Solange Argenta (Fiocruz Pernambuco)
A new technique to detect the Zika virus, which is more sensitive and cheaper than real-time PCR (the gold standard used today for the molecular diagnosis of the disease), proved to be efficient in tests with mosquito samples. Developed in a Master's Degree in Biosciences and Biotechnology in Health by the student Severino Jefferson, under the guidance of researcher Lindomar Pena, with researchers from Fiocruz Pernambuco Constância Ayres and Fábio Melo also taking part along with other professionals from the departments of Virology, Entomology and Parasitology of the institution. Entitled Development and Validation of Reverse Transcription Loop-Mediated Isothermal Amplification (RT-LAMP) for Rapid Detection of ZIKV in Mosquito Samples from Brazil, the study was published on March 14 in the journal Nature - Scientific Reports.
This technology, called Reverse Transcription Loop-Mediated Isothermal Amplification (RT-Lamp), also has the advantage of being much faster than PCR, decreasing the 5 hour wait to get the results to less than 1 hour. This tool can be used anywhere, as a quick kit, since it does not rely on expensive and sophisticated equipment, restricted to specialized laboratories, such as PCR. Another advantage is the cost to perform each test, only R$1. Forty times cheaper than the PCR, which has an unit cost of R$40.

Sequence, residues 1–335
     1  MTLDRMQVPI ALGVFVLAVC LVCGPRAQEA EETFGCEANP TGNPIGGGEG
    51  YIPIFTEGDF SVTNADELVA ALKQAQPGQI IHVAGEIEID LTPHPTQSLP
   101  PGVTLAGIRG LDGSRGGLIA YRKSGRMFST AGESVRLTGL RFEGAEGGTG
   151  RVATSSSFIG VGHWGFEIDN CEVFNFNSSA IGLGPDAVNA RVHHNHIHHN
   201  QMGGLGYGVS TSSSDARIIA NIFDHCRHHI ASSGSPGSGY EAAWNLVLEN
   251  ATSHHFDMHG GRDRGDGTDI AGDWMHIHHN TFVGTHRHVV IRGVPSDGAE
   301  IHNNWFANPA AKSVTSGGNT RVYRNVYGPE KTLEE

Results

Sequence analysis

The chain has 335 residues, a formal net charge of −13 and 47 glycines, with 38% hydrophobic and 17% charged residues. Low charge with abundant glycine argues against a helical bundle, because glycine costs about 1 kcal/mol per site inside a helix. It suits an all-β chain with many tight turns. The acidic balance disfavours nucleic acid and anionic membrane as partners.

Lindomar Pena explains that the technique proved to be 10,000 times more sensitive than PCR and, in some cases, was able to detect a viral load where the PCR was negative."This is a specific examination for Zika, which did not show a cross reaction to other arboviruses”, he said.
A total of 60 samples of Aedes aegypti and Culex quinquefasciatus mosquitoes, naturally infected or in the laboratory with the Zika, Dengue, Yellow Fever and Chikungunya Virus, were used in the research. The next step will be the completion of testing with human samples.
When the project was launched, there was no similar studies. However, while it was being developed, around 15 projects in this field started. The difference this study of Fiocruz Pernambuco has to offer is the small number of steps required for the reaction, the low cost and simplicity of the test.
In its simplified form, the test consists of macerating a mosquito sample and placing it in a tube with the reagent. After waiting for around 20 to 40 minutes, you just need to note the color of the mixture. If it turns orange, it is negative, but if the liquid turns yellow, it indicates the presence of the Zika virus. "The idea is that you can collect, macerate mosquitos in the field - in the middle of the Amazon, for example - and get the result there and then”, says the researcher. With humans, you can collect saliva or urine from the patient with suspected Zika, perform the test and get a response at the same time.